You’ve probably heard Stephen Covey’s advice “begin with the end in mind.” It’s intended to ensure that you don’t jump into an initiative without first considering where you’ll end up.
With creative work, I like to invert this advice. Alwaysendwith thebeginningin mind.
Often, the most challenging part of creative work is getting started. Staring at a blinking cursor or an empty document or a new presentation deck can be paralyzing, so having any kind of initial momentum is valuable. That’s why I recommend that each day, as you wind down your work, you consider exactly where you will pick up when you start again.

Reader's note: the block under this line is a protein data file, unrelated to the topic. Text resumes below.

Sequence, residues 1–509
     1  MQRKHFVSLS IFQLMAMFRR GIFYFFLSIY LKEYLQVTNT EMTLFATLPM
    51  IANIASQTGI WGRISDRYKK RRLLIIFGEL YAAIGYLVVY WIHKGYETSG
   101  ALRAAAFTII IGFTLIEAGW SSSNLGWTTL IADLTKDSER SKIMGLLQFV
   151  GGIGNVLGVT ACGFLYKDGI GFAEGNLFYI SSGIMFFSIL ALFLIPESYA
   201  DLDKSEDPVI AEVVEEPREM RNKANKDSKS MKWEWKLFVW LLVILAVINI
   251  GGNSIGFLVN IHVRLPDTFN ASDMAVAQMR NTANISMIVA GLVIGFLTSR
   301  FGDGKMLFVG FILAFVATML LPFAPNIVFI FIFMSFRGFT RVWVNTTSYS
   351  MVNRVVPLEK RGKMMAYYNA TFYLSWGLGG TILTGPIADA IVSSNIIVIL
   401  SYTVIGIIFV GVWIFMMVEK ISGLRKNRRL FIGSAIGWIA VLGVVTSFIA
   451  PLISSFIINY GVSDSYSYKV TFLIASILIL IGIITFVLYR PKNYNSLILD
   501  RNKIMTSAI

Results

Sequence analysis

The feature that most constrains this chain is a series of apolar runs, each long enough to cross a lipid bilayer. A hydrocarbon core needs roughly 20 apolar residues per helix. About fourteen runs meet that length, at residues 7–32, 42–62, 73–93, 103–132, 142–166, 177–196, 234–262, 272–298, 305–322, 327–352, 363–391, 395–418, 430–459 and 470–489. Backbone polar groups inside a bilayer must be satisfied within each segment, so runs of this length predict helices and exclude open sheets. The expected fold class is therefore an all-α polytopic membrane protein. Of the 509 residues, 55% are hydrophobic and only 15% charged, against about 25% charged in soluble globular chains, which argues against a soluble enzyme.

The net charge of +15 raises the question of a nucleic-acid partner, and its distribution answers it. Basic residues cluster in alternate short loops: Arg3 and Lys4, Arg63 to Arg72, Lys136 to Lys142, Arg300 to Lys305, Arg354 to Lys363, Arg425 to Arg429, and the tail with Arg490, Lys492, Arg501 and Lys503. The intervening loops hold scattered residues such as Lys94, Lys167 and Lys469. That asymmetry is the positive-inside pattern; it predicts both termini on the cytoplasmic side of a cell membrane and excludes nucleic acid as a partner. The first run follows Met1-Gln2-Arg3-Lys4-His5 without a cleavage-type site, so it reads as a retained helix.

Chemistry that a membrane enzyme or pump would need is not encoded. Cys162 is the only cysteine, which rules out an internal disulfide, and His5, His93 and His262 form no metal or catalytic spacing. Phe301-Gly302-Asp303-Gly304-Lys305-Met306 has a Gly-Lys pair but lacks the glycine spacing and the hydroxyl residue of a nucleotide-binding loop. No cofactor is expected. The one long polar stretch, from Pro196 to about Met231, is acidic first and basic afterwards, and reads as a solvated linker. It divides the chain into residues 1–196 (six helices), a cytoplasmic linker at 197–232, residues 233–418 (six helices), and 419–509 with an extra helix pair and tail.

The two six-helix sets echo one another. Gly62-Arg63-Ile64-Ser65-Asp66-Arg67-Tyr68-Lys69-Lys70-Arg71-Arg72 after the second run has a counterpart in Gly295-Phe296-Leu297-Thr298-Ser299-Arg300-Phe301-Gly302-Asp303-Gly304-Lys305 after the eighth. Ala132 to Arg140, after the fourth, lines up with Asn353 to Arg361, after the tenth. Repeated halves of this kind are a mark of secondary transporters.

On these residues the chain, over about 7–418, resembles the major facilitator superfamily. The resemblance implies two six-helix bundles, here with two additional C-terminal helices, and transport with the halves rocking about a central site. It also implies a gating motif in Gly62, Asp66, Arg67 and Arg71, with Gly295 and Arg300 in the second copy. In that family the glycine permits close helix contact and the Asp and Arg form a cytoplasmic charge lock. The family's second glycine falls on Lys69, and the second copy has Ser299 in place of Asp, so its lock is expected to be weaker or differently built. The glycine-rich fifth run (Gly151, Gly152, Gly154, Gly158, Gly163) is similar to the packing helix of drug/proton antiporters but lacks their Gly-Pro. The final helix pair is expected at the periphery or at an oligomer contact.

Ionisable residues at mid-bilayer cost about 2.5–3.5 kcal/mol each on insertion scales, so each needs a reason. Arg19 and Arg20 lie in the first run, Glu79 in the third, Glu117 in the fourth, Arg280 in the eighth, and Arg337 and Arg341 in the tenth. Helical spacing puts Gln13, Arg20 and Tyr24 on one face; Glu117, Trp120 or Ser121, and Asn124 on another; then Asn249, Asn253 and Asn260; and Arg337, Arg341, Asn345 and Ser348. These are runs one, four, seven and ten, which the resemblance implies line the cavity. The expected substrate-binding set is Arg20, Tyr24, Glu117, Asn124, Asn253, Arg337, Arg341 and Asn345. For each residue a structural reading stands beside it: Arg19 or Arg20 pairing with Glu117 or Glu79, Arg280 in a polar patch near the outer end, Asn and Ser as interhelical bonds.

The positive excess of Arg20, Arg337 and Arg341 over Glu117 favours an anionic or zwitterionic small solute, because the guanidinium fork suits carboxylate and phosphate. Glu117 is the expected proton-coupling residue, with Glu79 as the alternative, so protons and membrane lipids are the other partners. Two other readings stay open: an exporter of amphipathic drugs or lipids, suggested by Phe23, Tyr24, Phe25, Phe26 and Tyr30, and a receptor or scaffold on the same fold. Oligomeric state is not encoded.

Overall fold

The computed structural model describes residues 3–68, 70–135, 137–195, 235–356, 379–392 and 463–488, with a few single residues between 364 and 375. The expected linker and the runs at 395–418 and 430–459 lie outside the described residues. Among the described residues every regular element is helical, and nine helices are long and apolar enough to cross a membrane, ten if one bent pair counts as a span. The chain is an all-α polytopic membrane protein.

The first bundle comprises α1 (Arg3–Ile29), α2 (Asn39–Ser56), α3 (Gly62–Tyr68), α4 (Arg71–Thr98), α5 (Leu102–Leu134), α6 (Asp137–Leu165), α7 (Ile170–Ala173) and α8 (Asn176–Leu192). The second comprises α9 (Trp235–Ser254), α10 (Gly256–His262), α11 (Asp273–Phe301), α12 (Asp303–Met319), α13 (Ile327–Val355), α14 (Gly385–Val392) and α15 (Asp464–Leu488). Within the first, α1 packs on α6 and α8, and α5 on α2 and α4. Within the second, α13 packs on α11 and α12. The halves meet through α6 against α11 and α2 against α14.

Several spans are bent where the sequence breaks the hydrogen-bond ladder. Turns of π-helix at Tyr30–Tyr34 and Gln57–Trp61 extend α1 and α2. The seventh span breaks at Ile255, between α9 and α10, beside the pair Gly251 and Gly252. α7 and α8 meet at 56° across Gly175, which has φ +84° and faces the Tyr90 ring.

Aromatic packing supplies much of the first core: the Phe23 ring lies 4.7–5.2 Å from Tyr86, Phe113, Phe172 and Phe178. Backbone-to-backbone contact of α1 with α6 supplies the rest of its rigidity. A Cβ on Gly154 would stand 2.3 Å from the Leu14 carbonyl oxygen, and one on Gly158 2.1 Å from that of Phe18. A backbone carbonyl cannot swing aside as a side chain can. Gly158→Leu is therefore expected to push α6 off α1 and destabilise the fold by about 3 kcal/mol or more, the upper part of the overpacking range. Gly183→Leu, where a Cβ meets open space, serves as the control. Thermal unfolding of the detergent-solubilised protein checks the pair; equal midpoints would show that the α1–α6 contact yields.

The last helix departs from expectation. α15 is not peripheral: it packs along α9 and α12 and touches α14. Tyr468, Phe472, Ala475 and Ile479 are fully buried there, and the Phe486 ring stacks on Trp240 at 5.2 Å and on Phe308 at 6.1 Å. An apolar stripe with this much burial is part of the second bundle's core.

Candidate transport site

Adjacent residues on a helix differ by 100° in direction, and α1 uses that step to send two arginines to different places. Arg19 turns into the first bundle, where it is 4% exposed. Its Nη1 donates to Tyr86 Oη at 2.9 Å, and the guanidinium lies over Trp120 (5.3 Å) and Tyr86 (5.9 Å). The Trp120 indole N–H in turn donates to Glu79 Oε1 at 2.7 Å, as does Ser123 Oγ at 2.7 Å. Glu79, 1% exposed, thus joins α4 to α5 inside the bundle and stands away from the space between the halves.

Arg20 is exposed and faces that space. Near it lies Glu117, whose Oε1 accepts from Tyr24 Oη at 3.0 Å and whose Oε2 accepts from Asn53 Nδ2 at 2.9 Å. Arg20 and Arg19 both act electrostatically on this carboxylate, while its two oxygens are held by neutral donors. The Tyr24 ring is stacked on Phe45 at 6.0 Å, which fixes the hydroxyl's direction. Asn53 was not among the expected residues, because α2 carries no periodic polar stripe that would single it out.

Let me give you an example from my own work. I tend to write five hundred words per day when I’m working on a book project. When I get to five hundred words, I stop, even if I’m in the middle of a thought. The reason? I knowpreciselywhere I will begin my work the next day. Just having that as a starting point creates momentum, and once I’m moving, it’s much easier to stay moving.
As you wrap each project or each day, make an effort to consider exactly how you will begin again tomorrow. Doing so will go a long way toward preventing paralysis.
Always end your creative work with the beginning in mind.
How will you know when to quit your work for the day?